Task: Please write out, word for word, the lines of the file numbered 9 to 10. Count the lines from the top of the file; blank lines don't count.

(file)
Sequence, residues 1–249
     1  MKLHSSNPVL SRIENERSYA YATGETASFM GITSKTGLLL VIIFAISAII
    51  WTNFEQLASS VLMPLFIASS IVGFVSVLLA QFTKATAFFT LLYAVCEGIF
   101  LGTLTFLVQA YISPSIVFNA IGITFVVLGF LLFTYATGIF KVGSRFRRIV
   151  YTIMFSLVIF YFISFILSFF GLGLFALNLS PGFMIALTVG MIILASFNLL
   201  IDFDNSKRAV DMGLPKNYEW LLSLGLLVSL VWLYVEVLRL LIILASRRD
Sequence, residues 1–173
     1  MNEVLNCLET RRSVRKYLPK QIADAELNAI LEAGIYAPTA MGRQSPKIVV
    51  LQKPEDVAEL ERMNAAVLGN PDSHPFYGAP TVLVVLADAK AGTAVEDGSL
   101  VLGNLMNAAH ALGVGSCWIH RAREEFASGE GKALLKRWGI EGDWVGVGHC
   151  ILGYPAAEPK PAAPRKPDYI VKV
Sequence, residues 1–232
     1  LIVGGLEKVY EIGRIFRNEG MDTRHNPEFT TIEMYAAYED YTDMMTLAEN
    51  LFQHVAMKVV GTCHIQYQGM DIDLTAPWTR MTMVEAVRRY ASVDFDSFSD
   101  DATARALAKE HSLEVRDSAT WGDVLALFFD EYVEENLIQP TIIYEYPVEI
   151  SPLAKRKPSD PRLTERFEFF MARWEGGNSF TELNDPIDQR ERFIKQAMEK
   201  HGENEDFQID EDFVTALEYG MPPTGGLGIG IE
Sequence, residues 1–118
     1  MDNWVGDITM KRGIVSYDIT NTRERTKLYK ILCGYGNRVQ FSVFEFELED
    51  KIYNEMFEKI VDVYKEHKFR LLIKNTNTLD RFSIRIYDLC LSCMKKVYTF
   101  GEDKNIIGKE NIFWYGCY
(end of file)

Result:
    51  LQKPEDVAEL ERMNAAVLGN PDSHPFYGAP TVLVVLADAK AGTAVEDGSL
   101  VLGNLMNAAH ALGVGSCWIH RAREEFASGE GKALLKRWGI EGDWVGVGHC